them killed, the source of the electrons is irrelevant.
Who gives a crap about legal? Why not spend the couple hundred bucks for
a transfer switch, and make the world a little safer for the lineman?
I'd feel awful bad if a lineman got killed (even in part) because I was
too cheap to take basic safety precautions with my generator wiring.
Using your scenario, if the next crew down the line DID do what they
were supposed to, and YOUR generator was sending the electrons down the
line, well, the source seems pretty relevant to me. Again, contributory
negligence. Sure, the lineman screwed up by not following procedure, but
if YOU had followed procedure, he'd be alive. That makes you partially
it seems to me that even if the lineman makes the proper checks,if the load
side(homeowner's side) of the line is energized,then he -cannot reconnect-
the utility's side.(phasing,voltage differences)
Not until he finds the load power source and has them disconnect.That takes
time that linemen probably will not have to spare and then the lineman
LEAVES that line unpowered until they can get back to it,LATER,much later.
That means an extra trip,and extra cost.
THAT is probably reason for a proper transfer box,the RIGHT and proper way
to do it.
No, if the lineman finds a section powered that shouldn't be, they just
follow their normal procedure and ground the line before working on it.
That takes care of both the safety issue and the offending generator in
yeah there supposed to always ground line, think of it as a
but dead is dead and probably few here would want to be responsible
for somones death......
given all this I have backfed, but very carefully....
incidently I intentially short any circuit I am working on in my home
to make certain its dead.
found a bad breaker one time doing this.
If lines are down due to ice storms or hurricanes the lineman should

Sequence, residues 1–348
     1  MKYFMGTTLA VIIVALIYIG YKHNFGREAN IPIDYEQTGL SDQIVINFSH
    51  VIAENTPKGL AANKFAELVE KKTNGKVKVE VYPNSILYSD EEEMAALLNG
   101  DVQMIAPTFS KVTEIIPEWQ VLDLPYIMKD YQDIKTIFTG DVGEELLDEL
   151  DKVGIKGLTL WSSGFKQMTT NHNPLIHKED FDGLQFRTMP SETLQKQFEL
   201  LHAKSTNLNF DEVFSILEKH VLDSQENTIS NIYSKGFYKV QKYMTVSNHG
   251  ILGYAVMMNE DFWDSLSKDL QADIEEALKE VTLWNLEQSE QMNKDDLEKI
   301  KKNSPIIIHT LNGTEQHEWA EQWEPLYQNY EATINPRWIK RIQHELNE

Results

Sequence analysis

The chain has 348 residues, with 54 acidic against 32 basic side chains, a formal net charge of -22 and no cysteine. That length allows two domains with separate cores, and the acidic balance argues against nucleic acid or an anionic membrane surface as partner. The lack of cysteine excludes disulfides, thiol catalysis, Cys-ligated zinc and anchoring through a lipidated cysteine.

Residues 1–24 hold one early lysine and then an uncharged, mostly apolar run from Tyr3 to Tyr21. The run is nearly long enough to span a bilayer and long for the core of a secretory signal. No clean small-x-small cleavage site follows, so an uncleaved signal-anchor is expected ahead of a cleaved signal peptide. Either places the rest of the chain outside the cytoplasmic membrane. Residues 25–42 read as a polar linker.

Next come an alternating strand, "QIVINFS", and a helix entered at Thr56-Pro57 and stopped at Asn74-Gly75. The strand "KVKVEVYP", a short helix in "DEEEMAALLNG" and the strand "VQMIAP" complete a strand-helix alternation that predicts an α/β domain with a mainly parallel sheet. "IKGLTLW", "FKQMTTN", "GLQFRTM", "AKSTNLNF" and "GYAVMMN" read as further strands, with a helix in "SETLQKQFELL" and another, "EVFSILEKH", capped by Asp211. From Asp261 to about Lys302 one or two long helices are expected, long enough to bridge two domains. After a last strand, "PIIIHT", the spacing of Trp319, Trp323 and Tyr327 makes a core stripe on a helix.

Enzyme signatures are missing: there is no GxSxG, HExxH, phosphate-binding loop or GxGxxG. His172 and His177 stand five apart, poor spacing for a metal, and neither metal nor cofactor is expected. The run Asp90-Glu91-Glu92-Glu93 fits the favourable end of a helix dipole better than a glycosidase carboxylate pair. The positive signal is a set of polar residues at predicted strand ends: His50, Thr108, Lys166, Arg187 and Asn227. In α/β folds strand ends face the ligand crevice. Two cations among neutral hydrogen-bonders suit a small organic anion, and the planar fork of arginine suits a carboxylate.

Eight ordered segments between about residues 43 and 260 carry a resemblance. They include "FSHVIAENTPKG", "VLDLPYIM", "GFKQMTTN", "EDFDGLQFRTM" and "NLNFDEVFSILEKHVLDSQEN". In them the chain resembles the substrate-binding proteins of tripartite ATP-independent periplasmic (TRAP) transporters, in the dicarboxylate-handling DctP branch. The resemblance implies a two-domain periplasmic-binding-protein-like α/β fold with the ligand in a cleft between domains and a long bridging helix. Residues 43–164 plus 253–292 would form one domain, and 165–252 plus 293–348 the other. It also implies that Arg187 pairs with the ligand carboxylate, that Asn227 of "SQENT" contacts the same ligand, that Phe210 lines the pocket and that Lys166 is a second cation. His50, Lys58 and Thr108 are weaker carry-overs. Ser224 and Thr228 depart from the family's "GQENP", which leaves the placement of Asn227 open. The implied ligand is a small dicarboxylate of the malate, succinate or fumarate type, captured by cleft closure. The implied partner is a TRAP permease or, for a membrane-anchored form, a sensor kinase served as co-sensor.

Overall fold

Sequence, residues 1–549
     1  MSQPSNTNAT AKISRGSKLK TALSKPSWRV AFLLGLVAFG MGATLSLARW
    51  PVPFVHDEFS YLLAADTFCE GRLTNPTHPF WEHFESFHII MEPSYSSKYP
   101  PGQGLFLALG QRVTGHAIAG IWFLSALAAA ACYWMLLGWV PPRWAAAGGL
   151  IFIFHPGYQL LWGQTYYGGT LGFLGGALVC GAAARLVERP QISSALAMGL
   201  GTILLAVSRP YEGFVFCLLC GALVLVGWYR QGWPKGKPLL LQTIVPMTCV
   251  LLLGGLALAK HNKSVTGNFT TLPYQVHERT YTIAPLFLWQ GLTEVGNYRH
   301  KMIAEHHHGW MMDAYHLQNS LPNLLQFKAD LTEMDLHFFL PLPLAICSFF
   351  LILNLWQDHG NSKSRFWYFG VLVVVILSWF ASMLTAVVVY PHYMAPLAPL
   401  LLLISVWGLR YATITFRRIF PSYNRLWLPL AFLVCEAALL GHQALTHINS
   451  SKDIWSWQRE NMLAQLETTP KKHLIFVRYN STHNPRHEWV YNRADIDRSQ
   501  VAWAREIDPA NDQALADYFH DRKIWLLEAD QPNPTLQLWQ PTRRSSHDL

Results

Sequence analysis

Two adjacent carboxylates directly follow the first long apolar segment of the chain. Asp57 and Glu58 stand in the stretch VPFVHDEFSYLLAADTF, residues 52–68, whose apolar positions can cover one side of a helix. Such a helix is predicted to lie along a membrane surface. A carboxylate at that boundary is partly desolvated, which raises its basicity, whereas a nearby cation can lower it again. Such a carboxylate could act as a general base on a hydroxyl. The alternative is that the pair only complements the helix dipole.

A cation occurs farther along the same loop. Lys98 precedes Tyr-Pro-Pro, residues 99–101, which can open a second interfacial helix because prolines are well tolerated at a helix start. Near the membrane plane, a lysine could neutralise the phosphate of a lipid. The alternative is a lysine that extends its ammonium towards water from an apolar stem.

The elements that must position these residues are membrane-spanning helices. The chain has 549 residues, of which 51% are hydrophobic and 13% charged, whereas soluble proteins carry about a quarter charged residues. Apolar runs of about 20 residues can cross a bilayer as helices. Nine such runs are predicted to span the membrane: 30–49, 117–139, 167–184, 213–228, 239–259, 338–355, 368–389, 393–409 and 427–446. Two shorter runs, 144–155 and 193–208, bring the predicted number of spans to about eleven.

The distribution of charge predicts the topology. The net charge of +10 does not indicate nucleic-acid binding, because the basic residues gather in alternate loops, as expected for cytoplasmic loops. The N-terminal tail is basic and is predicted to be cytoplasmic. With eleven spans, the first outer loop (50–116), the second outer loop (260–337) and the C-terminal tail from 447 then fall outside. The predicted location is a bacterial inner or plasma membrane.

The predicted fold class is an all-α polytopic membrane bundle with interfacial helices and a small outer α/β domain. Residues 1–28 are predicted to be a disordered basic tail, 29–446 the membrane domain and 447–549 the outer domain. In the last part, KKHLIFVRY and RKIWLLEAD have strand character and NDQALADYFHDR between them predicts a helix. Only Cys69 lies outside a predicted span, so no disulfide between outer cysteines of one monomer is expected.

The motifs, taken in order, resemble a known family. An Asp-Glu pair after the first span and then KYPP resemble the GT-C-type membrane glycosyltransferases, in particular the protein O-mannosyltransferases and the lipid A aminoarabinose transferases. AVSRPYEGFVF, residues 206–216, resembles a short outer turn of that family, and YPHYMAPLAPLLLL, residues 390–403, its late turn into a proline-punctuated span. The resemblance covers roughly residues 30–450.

exercise hightened diligence. In addition to the obvious hazards of slippery
conditions, fallen trees, poles, and lines, he can probably HEAR the goddamn
generators going putt-putt-putt all around him. I'm sure in the crew meeting
at the beginning of the shift, the sergeant says "Be careful out there -
people are using generators."
If, in view of all these warning signs, he still gets lit up, well.....
gee when the power fails while your on vacation, and return home to
frozen pipes, busted toilets and all the rest you might rethink the
lack of auto start.
if your teenager is stranded at hs girl friends home in the next storm
you might regret not replacing the battery
I'm in North Texas so we get a few tornados and some ice now and then.
The house has natural gas. Outages are measured in hours, not
My approach is a Honda EB3000. Using heavy-guage extension cords,
running 1 refrigerator, one TV and a few lights is all that I try to
do. Maybe a fan or two in the summer. We have gas logs as well as a
propane construction heater that uses very little power. There are
also lanterns, camp stoves and a NG cooktop.
I have loaned out the generator (as well as the red gas cans that go
into short supply) a few times to friends in Miss. as well as East
Texas after hurricanes.
kohler has some new whole house nat gas gensets for about 4,000.00
i happened to see some on ebay . they are enclosed in a metal box.